Letter from a Specialist

This came to me from a loyal reader of this blog:
Not a primary care doc, so the details are different, but cut from the same cloth.
Here, with a few adjustments, is the meaty part of an email I sent to a colleague who is a senior member of the Department of Medicine at a major (redacted) University teaching hospital. It was written in response to his observation that he and many of his colleagues find themselves trudging through the day looking at the floor, having fundamentally lost control of their professional lives and at risk for losing control of their souls.

The question: Cui bono (To whom go the benefits?)

The answer: Senior management – grotesquely disproportionate salaries and benefit packages, short workdays spent schmoozing, leaving abundant time to work on paid side jobs, go on junkets, attend fundraising dinners, etc. Health system chiefs (names redacted) pulling down serious seven figures, for what value created? I consider it obscene for an officer of a nonprofit to be paid anything above mid-six figures; that is plenty for a very comfortable lifestyle, and beats the hell out of anything I have managed. Not to mention that the administrative big shots have multiplied like maggots on a corpse; when I came on board at the (Redacted) in 1974, there were two vice presidents, and now that level is at least 30, and none of them is breaking a sweat.
As for the worker bees, throw out the experienced senior people and pretend that beginners can run a complex patient care area, in the name of saving money. Make sure that everybody is in full compliance with the rules, no matter how arbitrary and destructive. See to it that the physicians understand that their real job is not taking care of their patients, not even writing papers, but pulling in funding for their chiefs to use to aggrandize their fame and power. Call the ever-changing bedside flash mobs “teams” when they hardly know each other’s names, much less have any feeling for the patients upon whom they are employing their truncated cookie-cutter skill set designed to stuff the check-boxes of a billing-centric EMR. Call the individualists, dissenters, moral traditionalists and deep thinkers “out of touch” or “disruptive,” and get rid of them.
I believe that medicine is a great profession and a great calling that has fallen upon hard times in the deep and icy shadow cast by the enormous superstructure of the American healthcare system, and in our case and specifically the corrupting influences of big business medicine run for the benefit of its overseer class and an academic hierarchy based on fame and fortune rather than doing hands-on good in the world.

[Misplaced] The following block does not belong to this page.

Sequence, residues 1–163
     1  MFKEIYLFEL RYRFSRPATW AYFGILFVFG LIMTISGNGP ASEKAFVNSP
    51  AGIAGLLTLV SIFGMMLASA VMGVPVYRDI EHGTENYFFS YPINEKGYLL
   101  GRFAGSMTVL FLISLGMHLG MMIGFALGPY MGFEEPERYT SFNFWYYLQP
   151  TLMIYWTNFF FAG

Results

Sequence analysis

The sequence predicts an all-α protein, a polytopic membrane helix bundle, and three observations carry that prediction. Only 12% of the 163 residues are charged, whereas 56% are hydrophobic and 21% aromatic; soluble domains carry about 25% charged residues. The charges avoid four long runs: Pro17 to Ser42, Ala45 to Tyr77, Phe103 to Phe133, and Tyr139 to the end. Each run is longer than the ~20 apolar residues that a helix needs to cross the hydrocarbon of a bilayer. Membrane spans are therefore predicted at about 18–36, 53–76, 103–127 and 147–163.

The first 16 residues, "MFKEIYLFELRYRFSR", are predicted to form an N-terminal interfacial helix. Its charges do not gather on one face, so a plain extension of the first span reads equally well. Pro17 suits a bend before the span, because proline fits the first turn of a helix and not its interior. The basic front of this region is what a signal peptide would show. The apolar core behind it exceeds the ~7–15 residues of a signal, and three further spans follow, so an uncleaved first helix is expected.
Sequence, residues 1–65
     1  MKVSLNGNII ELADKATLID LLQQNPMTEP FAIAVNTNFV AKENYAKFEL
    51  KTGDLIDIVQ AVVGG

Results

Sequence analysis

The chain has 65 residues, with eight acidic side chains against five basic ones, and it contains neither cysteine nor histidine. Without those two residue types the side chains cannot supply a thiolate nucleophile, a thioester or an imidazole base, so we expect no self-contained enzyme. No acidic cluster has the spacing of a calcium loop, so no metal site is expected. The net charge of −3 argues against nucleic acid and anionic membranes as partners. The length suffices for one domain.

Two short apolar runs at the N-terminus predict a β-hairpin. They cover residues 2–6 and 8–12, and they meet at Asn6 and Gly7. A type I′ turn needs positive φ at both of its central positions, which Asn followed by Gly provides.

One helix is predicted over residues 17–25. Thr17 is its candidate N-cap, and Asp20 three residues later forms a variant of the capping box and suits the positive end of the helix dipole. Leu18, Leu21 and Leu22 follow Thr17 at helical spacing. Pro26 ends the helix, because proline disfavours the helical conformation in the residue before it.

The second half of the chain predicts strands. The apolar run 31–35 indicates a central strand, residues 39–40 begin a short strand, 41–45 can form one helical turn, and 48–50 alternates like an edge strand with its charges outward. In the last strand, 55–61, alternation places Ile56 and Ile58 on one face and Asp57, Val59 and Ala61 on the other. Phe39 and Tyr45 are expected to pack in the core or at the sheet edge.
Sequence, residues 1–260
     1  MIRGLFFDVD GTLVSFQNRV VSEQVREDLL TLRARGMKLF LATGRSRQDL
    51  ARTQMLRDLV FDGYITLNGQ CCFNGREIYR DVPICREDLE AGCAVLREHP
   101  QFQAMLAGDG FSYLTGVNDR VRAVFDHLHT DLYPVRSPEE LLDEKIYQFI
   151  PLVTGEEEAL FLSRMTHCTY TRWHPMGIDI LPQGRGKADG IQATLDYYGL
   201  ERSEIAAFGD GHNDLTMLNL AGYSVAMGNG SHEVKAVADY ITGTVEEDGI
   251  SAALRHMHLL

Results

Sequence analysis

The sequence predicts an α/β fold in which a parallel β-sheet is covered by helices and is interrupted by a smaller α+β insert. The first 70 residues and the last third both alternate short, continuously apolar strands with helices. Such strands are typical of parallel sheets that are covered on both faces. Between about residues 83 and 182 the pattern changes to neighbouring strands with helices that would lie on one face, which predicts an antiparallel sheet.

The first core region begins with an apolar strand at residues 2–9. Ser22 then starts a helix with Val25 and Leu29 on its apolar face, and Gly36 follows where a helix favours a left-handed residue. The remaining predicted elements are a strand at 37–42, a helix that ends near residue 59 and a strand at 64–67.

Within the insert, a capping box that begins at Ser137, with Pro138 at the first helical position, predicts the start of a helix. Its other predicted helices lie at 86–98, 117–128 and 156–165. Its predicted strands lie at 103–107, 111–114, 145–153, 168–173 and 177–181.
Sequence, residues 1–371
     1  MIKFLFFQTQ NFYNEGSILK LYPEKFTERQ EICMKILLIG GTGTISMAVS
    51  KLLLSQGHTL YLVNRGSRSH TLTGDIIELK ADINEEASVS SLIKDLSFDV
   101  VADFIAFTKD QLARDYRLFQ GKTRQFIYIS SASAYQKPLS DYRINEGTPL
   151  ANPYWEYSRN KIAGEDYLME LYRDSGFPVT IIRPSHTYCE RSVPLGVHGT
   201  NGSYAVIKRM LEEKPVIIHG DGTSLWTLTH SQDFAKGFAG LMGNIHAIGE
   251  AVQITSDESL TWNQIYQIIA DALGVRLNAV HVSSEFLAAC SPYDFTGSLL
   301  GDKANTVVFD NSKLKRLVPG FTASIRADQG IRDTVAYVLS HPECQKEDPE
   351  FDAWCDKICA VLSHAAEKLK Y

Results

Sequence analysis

Keep smiling, and keep your moral compass true

  4 comments for “Letter from a Specialist

  1. December 26, 2017 at 1:50 pm

    Yes, a lot of people try to point their fingers at doctors for “lining their pockets,” especially if they try to provide affordable medical and surgical care options for patients, and are just making a good income, often free of government mandates that add cost. As this doctor pointed out, and has become well-known but largely ignored, it is the administrators that are making the big money and offering questionable, if any, value.

    • Steve O'
      December 27, 2017 at 8:40 am

      It’s called redirection. The wealthiest physicians who derive their wealth from patient care, such as the specialty surgeons can earn what – $5 million over a lifetime? That’s nothing. Barron Hilton cut his daughter out of his will by only giving her $5 million. What a slap in the face!
      Get the average person to hate the wealthiest person with whom they have contact of any sort. The car dealer in your town, they’re rich, aren’t they? Worth maybe $20 million dollars? That’s a rounding error in the big rollers’ circuit. Summer rentals in the Hamptons are going for $2 million dollars, and that’s not to buy a house – that’s the monthly rent. $2 million dollars. And Joe Buick from Podunk’s not going there.
      Hate the “visible rich.” You never see the real rich, for their jobs are good enough to insulate them from real citizen contact. When’s the last time you’ve met one of the Waltons of Wal-Mart? They don’t entertain citizens like you. That’s what Wal-Marts are for.

  2. Stephen Rockower
    December 26, 2017 at 10:02 am

    • Steve O'
      December 27, 2017 at 8:34 am

      The average Joe was dissatisfied with the healthcare system thirty years ago because:

      1) There was no way to tell how much things cost,
      2) The means of acquiring and evaluating health insurance is incomprehensible.

      Then the owners kicked into action. Now what do we have?


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